The most important thing that you can do before an interview is prepare. If you prepare well for an interview, you should be able to anticipate most questions that you may be asked and to develop possible answers to those questions. Solid preparation is the only way to ensure that you are not completely surprised by some element of the interview.

Some of the most important preparation involves self-reflection. Ultimately, no matter what you are interviewing for, you are going to be asked about your character or your experience. Some of the things that you should consider include:

  • Your Professional Story: Many interviewers like to start their interviews with a question along the lines of “Tell me about yourself.” It is essential to have a concise, well-crafted answer to this question. In certain respects, this answer is interchangeable with your “elevator pitch,” the profile section of your LinkedIn account, and what you emphasize regularly in your cover letters. This should include your general career plans, a brief summary of your most relevant experiences, a brief summary of your most relevant skills, a brief explanation of how the position for which you are interviewing fits into this career arc, and a couple of interesting points about yourself personally.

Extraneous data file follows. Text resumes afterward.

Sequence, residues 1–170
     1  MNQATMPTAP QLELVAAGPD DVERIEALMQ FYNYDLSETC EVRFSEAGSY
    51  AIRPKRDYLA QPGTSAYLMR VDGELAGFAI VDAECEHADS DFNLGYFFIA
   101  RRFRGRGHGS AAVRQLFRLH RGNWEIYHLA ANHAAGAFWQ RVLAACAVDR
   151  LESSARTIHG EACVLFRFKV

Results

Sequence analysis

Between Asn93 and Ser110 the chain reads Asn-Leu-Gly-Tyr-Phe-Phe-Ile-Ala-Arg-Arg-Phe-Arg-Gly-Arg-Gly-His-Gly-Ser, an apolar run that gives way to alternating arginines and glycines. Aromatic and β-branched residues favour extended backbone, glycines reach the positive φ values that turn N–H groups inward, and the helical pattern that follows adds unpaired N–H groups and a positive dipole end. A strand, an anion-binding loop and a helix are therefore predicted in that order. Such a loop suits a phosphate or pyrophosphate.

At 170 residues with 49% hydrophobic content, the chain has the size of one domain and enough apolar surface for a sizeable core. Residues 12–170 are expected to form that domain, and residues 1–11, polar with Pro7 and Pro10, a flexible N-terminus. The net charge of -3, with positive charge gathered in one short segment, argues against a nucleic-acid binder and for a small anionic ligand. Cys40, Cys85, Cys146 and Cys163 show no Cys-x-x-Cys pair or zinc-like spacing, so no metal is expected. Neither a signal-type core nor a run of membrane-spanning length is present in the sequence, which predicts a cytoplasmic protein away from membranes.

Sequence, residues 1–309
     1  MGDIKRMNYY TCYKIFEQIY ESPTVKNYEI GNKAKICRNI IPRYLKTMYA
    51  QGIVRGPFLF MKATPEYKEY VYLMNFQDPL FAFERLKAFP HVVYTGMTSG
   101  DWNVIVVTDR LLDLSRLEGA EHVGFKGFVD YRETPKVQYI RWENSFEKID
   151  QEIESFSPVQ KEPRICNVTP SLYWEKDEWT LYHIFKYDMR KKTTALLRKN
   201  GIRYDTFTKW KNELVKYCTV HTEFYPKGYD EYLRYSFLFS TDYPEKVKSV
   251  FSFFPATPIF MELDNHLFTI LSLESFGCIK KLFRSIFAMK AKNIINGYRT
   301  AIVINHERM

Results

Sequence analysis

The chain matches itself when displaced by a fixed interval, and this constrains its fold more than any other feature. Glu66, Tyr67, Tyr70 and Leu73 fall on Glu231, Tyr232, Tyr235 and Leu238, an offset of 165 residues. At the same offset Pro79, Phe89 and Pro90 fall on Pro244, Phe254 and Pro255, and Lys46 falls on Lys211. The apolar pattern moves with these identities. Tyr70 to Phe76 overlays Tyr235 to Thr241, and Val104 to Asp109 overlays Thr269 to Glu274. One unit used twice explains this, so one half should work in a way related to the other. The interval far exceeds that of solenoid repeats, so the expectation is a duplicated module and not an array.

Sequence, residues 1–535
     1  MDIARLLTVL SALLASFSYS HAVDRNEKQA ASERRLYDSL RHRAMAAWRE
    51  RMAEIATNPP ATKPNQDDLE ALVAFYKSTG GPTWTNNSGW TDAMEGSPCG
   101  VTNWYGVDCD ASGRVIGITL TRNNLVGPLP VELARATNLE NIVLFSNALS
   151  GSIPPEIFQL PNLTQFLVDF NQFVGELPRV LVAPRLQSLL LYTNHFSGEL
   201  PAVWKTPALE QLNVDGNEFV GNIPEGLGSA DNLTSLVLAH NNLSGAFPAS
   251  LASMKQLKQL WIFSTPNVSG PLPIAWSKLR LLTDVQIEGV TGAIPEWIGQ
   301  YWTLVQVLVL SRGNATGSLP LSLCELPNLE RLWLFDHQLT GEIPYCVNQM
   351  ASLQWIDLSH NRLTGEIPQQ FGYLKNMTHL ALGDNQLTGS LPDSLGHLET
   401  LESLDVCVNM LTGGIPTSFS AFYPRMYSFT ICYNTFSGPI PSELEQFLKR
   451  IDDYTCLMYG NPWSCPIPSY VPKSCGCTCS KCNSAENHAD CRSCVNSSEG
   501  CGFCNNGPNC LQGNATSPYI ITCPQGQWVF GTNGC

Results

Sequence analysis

• Why are you applying for this job?: This question inevitably follows from any conversation about your career path and plans. How does this job fit into this story? What are things you hope to accomplish there? What do you hope to learn? Why do you think you will be a good fit within this company’s or organization’s environment or culture? You also need to demonstrate that you have done research on the company/organization, and that you have thought about their most recent trends, focuses, and achievements.